If crowds worry you, stay away. This one’s big. Very big. Held four times every 12 years at four different locations across central and northern India, the Kumbh Mela is the largest religious congregation on the planet. This vast celebration attracts tens of millions of Hindu pilgrims, including mendicant nagas (naked sadhus, or holy men) from various Hindu monastic orders. The Kumbh Mela doesn’t belong to any particular caste or creed – devotees from all branches of Hinduism come together to experience the electrifying sensation of mass belief and to take a ceremonial dip in the sacred Ganges, Shipra or Godavari River.
The origins of the festival go back to the battle for supremacy between good and evil. In the Hindu creation myths, the gods and demons fought a great battle for a kumbh (pitcher) containing the nectar of immortality. Vishnu got hold of the container and spirited it away, but in flight four drops fell on the earth – at Prayagraj (Allahabad), Haridwar, Nasik and Ujjain. Celebrations at each of these cities last for around six weeks, but are centred on just a handful of auspicious bathing dates, normally six. The Prayagraj (Allahabad) event, known as the Maha (Great) Kumbh Mela, is even larger with even bigger crowds. Each location also holds an Ardh (Half) Mela every six years and a smaller, annual Magh Mela.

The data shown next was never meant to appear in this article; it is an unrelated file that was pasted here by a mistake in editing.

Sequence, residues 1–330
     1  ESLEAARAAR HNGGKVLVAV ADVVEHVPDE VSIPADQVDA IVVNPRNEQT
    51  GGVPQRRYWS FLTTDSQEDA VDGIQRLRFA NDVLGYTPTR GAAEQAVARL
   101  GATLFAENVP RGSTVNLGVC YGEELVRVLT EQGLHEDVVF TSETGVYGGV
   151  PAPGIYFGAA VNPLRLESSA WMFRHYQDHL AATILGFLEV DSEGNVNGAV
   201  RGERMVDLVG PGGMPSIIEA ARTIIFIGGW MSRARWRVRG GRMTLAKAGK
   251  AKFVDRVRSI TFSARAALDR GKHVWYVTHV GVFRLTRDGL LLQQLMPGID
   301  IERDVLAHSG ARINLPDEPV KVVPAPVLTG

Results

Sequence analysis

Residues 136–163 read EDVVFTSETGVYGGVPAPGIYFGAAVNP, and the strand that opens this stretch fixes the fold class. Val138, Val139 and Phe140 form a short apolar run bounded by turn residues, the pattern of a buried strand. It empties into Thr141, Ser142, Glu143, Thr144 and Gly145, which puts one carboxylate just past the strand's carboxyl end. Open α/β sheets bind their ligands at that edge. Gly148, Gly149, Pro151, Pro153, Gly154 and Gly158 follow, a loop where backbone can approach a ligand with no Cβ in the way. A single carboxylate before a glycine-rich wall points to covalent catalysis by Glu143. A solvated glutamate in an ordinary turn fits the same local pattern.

For detailed information (including exact dates and locations) of the Kumbh Mela, see www.kumbh.gov.in/en.